By Bruce Tammen
When I conducted college choirs, money was provided for rehearsal accompanists, so I always had one. Most were not thrilled to work with me—I did not let them play very much. Pianists want to play; the better they read and play, the more they wish to be constantly active.
My principle college conductor, Weston Noble, used a pianist very sparingly. Our choir was large, 70-75 singers; we sang primarily a cappella music, we rehearsed five times a week, and we had ridiculously high standards. Mr. Noble felt that piano accompaniment, past warm-ups, initial pitches, and help in learning difficult passages, would actually weaken our learning, and our final product. Never, ever, did the pianist “just play along,” supporting the group’s singing. Even when we worked on music which would be accompanied in performance, we would learn it without keyboard help. This enabled the conductor to hear what was happening; it also forced singers to be responsible for their own pitches and rhythms. Singers are great followers—they love to hear the note first, then chime in; this doesn’t promote good musical training, and contributes to epidemic fuzziness of attack, of rhythmic precision, of pitch accuracy—the very aspects of our craft which instrumentalists, in particular, ridicule and complain about.
I have never, since that college experience, worked with a choir which had such leisure to learn its music, or its craft. The larger, more professional choirs with which I have sung—Chicago Symphony Chorus, Grant Park Chorus, Robert Shaw Festival Singers, Oregon Bach Festival Chorus—employ expensive, skilled accompanists, who are not only good pianists, but who are expected to read the conductor’s mind: they know exactly where he/she is in the score, understand immediately his/her priorities, anticipate problems, know when to play accompaniment, parts, or just sit out. The best seem to be adjunct to the conductor’s persona, sharing even his/her musicality and sense of phrase. Robert Shaw would on occasion turn to his accompanist and tell him to model a phrase, and the pianist would do it flawlessly, providing with incredible efficiency exactly what was needed at the moment. And professional choristers, for the most part, are confident, skilled, and aggressive enough to know they must neither follow nor lead, but be in the right place at exactly the right time.
Under less than perfect circumstances, though—when rehearsal time is very limited, the score is particularly knotty, the transitions difficult, the singers tentative—even these professional accompanists will lead aggressively, just to get the job done and keep both the conductor and the singers feeling confident and reassured. This can lead to sloppy performance; at its worst—if the work being prepared is a cappella, for instance—it can lead to disaster, when the singers are deprived of keyboard support in performance. When singers become rattled and insecure, the disciplines which make up good singing—beauty of tone, solid pitch and rhythm, careful diction, ensemble listening, and communicativeness—go right out the window; they have nothing concrete, no fixed instrument, to hold on to, and they flounder. Again an example from my years with Mr. Shaw: one summer late in his life, we prepared a concert which included both the Vaughan Williams Mass in G and the Howells Requiem, very quickly. Embarrassingly, we fell apart during our first performance; and I had no doubt that the ubiquitous use of piano during rehearsals contributed greatly to this.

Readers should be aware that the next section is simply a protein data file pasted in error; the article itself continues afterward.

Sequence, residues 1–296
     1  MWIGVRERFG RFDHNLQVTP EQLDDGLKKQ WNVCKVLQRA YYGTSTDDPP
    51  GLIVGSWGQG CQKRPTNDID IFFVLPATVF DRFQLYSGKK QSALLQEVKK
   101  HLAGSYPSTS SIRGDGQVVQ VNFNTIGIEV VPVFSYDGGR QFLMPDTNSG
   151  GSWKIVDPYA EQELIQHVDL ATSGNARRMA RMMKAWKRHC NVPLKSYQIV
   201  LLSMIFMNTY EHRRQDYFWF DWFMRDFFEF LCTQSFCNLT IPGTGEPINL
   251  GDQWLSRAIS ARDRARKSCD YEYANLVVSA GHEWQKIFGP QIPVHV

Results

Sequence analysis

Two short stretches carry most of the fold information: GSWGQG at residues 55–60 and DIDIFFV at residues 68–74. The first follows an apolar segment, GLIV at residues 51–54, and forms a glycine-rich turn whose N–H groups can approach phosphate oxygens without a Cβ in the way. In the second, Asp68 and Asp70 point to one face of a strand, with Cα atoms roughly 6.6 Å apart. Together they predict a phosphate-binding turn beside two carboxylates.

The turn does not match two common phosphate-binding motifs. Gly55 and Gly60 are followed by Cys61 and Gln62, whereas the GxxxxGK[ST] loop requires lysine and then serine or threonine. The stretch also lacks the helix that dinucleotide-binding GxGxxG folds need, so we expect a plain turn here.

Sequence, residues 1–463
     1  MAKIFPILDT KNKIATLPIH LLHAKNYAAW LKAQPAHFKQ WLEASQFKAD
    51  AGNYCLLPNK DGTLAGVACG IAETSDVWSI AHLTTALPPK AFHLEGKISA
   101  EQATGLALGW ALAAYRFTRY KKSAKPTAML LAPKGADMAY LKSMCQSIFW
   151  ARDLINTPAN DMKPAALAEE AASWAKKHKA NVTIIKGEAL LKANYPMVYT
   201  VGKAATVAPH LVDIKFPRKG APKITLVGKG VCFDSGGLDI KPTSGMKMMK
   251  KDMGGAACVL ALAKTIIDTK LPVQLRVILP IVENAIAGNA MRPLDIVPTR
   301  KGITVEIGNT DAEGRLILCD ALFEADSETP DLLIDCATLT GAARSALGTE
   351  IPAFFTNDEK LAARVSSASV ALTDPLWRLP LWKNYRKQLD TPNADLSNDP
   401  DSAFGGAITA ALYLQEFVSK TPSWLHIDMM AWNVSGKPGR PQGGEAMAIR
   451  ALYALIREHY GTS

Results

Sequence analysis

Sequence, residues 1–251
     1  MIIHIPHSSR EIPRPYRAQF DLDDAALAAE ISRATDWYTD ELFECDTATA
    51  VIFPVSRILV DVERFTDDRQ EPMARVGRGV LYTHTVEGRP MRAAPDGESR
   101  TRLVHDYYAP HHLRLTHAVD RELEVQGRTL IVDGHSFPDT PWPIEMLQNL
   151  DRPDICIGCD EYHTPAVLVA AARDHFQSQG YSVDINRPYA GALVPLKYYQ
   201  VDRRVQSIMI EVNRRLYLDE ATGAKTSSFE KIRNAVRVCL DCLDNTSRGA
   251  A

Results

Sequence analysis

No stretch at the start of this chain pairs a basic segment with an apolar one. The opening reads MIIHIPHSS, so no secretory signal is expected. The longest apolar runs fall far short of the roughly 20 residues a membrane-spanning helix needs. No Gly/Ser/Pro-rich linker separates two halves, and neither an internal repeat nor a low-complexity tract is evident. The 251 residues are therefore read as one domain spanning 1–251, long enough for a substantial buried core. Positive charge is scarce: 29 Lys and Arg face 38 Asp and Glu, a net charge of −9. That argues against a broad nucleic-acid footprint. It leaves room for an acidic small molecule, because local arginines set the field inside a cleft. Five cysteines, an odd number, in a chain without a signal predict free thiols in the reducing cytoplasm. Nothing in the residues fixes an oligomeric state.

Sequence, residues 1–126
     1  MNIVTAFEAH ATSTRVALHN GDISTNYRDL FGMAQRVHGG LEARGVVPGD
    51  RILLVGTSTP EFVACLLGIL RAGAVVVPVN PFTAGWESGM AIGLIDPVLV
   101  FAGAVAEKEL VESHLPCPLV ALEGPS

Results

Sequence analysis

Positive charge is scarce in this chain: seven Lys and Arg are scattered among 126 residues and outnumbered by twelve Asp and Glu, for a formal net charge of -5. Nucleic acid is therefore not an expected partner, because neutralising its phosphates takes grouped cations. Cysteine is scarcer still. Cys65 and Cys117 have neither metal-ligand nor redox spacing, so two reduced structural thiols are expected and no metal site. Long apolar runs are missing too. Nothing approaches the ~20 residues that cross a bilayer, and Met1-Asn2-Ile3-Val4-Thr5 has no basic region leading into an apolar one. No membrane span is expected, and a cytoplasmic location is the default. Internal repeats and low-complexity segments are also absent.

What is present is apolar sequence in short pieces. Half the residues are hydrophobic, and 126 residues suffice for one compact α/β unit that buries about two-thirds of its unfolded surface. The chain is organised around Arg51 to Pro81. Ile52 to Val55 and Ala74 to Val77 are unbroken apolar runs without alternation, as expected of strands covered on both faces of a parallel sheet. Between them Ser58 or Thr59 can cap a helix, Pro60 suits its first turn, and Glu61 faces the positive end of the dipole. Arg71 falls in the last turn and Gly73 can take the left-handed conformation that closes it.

This latter scenario is particularly true of amateur choruses. I share Mr. Shaw’s conviction that such groups can sound as good as, and even better, on occasion, than, professional groups; but the individual singers lack the quickness, the confidence, the skills, of professional singers, and need far more rehearsal, repetition, drilling, than professional choristers. In many instances they function by hearing first, then following a split second later, and tend to sing that way habitually—which brings us back to the accompanist issue.
Perhaps because my experience under Weston Noble was so lasting and significant (he was a great teacher), I follow his model in utilizing an accompanist. If Chorale, or CMAC, had sufficient money to hire a regular, professional accompanist, I would use one, and I would expect that pianist to be in lock-step with my procedures and goals. I really require that my singers, like professionals, neither lead nor follow, but head all in the same direction, at the same time; and they can’t learn to do this, if they are being helped and lead indiscriminately, the ensemble loses, rather than gains. Chorale accomplishes what it undertakes through being challenged rather than through being accommodated.